We were admitted to a room, and I struggled really hard to stay on top of the increasingly intense contractions. All that BS they tell you about “getting a break” in between contractions is just that…BS. Mine were coming nonstop, radiating from my stomach to my back, and rendering me paralyzed during the peaks. I tried all my pain management techniques-birthing ball, squatting, walking, you name it. I could barely do anything, but stand perfectly still and shake. At 7am, the words “So, can we talk about drugs?” left my mouth, and within 15 minutes, I had an epidural in, and life was restored (intervention #2). They started my IV fluids, and put a catheter in, which was really quite convenient, not having to bother with a stupid full bladder (interventions #3 and 4).

At 9am, they started me on pitocin (intervention #5), to hasten contractions and dilation. I didn’t want it, but given that there was the risk of issues due to meconium, I kept my mouth shut. By 1pm, I was ready to push. And push I did…for 3 f-ing hours. Dempsey was at -2 station when I started, so he was still up pretty high. And after all that time spent, pushing and shedding all of my human dignity on the table, for all to see…he remained at -2 station. While my MD had herself forearm deep inside me (a real pleasant experience while trying to push), she said, “I’m not shy about telling people they are bad pushers…but you are great. This guy just isn’t budging. You can push another half hour, or we can start taking you back now for a c-section.” Terrified, but exhausted, I agreed (intervention #6). I just wanted him here.

Back in the OR, I was pumped full of more drugs, and my vitals were going wacko, my pulse highly elevated, and my blood pressure vascillating between hypertensive and bottoming out. I watched the conversation that I imagined the anesthesiologist and his assistant were having with their eyes, and became convinced that something was awry. Being a nurse is frequently the bane of my existence, but that was never more true on this day. I laid on that table, carefully cataloging every possible calamity that could affect us. I think I said, “Am I OK?” approximately 456 times, to anyone that came within earshot. Once everything was in place, they got started.

HOLY CRAP-I was not prepared for that sensation. Sure, the drugs numbed the severity of any pain, but I felt literally every movement made. The scalpel across my skin, the pulling, tugging, rearranging, etc. It was making me super anxious, because it almost felt like I was on the edge of actually really feeling it. Pain, that is. Of course I didn’t, but it terrified me every second. At one point, I turned to the super-stiff, formal anesthesiologist standing to my right, put out my arm, and said, “Will you hold my hand?” He obliged, and I heard my doctor let out a little laugh from the other side of the drape. Guess no one asks this guy for physical reassurance on the regs. He asked me if I was scared, and when I told him yes, he patted my head robotically. Nonetheless, I appreciated his attempt. They finally pulled Dempsey out, and lifted him up over the drape so I could see him. His massive body cast a shadow over me, and he was screaming his face off. Holy shit, he’s huge, I thought to myself. They took him to examine him, and I started getting more drugs pumped through me.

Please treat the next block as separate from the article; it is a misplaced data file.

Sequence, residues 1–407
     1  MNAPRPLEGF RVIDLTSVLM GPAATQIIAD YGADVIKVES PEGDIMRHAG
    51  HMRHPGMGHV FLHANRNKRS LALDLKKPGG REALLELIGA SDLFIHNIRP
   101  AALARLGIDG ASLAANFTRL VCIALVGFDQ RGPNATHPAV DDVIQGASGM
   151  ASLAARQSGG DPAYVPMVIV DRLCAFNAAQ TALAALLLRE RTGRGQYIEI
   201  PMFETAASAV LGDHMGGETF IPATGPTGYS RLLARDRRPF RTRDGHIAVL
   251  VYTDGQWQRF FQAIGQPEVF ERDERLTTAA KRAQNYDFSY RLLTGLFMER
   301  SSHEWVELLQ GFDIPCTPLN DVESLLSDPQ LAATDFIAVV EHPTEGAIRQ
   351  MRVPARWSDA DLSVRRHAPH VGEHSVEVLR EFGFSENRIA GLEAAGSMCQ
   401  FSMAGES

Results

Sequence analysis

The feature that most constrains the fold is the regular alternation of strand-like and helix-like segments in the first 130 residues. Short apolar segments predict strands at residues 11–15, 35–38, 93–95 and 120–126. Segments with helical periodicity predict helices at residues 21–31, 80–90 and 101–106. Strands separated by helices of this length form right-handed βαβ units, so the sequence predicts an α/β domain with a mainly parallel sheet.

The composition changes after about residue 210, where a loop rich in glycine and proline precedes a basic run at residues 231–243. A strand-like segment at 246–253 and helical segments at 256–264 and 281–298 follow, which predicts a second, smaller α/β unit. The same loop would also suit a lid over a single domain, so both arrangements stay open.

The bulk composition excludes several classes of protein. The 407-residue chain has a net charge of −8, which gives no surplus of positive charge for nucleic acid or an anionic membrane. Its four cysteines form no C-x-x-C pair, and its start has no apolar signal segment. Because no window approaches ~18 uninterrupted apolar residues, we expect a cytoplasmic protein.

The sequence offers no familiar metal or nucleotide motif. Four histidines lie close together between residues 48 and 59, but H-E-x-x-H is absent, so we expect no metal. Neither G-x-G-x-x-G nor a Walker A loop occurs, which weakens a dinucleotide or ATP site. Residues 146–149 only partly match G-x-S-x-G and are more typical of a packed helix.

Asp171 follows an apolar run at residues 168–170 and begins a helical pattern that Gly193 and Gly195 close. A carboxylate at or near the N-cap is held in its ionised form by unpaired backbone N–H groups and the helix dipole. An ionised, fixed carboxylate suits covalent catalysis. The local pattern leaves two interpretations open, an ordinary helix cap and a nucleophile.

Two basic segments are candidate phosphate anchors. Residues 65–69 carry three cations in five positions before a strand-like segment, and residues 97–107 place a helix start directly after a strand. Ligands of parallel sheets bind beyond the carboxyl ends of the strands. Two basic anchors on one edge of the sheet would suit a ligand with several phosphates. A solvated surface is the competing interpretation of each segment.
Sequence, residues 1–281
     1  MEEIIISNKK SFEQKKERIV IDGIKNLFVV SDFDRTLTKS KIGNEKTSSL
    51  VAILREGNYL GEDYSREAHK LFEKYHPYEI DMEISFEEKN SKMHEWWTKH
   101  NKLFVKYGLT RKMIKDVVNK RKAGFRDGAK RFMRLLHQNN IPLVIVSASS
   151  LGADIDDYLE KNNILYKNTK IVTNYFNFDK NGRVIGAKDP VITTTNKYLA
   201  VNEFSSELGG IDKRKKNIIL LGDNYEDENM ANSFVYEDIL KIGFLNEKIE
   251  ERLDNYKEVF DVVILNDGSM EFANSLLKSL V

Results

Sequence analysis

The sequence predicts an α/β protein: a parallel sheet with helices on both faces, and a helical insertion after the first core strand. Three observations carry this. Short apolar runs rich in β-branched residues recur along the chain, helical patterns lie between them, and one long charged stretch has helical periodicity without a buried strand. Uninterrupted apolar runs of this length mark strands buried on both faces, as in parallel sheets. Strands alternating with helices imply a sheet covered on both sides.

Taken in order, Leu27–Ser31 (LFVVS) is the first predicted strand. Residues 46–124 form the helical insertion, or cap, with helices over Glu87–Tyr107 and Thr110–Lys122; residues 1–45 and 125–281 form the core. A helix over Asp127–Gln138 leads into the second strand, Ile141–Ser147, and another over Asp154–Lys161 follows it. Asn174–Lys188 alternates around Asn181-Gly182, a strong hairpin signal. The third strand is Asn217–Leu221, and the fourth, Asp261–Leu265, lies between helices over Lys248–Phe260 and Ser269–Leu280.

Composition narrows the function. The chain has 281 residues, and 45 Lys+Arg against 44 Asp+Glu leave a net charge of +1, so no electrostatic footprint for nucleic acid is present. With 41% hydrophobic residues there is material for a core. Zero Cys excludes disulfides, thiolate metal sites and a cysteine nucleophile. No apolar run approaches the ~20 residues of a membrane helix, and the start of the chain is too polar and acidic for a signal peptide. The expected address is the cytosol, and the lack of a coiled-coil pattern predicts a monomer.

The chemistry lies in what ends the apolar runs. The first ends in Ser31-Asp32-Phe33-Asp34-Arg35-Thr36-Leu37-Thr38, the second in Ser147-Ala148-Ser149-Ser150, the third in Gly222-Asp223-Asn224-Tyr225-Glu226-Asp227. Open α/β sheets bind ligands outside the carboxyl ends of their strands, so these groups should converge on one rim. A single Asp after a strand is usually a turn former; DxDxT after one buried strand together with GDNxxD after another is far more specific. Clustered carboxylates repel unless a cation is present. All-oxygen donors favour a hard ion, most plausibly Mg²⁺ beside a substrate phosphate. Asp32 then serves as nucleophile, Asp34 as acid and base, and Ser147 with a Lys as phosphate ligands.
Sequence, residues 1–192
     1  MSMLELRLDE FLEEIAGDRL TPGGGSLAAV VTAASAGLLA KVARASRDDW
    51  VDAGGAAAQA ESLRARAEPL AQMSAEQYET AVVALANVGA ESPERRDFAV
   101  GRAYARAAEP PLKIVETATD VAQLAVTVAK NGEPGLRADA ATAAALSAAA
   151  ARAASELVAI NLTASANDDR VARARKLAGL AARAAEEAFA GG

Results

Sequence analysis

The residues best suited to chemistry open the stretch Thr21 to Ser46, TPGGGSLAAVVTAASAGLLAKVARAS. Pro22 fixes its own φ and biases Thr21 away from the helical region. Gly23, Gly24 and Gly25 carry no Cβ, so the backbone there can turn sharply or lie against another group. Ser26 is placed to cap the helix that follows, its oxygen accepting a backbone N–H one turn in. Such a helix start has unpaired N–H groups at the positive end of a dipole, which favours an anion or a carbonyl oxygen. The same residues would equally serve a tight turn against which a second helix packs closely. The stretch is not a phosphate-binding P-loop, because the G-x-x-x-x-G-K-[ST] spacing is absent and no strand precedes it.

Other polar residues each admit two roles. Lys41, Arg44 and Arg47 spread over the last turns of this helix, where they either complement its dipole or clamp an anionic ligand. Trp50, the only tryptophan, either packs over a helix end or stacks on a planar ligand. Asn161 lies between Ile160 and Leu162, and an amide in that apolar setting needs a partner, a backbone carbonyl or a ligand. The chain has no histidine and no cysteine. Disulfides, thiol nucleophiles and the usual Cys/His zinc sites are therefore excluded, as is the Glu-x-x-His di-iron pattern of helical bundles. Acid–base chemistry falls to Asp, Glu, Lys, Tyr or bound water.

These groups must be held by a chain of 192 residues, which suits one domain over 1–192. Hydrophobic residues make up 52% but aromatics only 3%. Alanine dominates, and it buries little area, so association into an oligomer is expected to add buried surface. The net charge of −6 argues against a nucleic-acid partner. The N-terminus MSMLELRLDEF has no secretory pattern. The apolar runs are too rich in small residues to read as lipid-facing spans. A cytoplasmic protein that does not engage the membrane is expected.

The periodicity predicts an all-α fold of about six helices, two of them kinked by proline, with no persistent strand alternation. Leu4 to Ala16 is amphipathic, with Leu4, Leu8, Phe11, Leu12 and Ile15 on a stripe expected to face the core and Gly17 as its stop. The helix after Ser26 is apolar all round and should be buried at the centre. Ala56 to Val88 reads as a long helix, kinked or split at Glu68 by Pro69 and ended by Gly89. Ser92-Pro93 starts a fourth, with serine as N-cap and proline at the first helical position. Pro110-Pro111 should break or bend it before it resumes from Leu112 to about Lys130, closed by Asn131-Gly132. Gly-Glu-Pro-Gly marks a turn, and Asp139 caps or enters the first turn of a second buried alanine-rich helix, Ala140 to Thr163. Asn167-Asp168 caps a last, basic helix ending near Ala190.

“Nine pounds, six ounces!” the nurse shouted. Good lord, I thought. That came out of me?? I started feeling really drugged up, and Andy came to me with the baby. I looked at him, so perfect, and said, “I feel like I am reacting in an inappropriate manner to my child because of all the drugs I’m on.” So, yeah, my pretty standard response-neurotic. The MD came to talk to me and said that they had to take Dempsey to the nursery, because his temperature was slightly elevated, and there was a concern for infection. So, off he went while I was sewn up and went off to recover. Those drugs were amazing, by the way.